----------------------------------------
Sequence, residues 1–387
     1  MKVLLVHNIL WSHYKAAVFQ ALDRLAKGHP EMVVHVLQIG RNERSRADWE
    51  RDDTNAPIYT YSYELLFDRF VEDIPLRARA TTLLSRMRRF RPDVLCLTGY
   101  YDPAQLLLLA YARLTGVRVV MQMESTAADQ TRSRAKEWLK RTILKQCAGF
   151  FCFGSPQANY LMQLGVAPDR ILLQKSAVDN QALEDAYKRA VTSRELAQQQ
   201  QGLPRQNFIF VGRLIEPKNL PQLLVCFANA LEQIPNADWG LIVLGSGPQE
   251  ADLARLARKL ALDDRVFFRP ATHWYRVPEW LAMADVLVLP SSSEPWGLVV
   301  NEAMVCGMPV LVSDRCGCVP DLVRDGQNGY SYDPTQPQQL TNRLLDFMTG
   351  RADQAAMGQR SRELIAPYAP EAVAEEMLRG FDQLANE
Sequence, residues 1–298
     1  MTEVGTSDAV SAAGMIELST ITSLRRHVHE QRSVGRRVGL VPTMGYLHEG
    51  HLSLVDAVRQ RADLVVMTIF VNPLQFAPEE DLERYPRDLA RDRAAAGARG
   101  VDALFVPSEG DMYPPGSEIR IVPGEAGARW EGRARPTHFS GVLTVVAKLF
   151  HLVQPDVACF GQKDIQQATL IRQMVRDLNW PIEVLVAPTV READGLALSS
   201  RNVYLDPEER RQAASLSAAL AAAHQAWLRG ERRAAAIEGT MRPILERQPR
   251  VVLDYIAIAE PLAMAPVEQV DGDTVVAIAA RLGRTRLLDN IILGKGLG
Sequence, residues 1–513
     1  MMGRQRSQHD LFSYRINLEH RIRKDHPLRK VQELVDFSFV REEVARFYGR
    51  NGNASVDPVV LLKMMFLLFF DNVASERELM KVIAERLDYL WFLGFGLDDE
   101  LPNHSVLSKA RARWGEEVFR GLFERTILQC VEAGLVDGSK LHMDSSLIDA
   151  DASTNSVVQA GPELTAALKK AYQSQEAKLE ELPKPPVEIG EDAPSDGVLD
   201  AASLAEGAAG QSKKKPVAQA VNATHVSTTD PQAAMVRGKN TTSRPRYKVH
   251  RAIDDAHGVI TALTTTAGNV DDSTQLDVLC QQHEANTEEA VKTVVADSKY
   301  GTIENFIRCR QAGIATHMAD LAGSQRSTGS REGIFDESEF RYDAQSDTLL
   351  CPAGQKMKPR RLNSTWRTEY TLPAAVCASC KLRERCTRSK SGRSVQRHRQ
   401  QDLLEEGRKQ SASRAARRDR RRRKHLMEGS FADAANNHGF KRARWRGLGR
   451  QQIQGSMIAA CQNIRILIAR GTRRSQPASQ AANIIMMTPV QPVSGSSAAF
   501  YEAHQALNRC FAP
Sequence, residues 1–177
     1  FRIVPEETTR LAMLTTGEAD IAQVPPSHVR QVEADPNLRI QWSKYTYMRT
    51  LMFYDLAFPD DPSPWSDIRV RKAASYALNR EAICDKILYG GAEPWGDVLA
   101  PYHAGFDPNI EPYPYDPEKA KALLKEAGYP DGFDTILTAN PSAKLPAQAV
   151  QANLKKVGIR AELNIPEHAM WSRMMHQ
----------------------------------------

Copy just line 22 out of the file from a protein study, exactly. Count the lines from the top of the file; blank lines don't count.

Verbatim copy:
   201  AASLAEGAAG QSKKKPVAQA VNATHVSTTD PQAAMVRGKN TTSRPRYKVH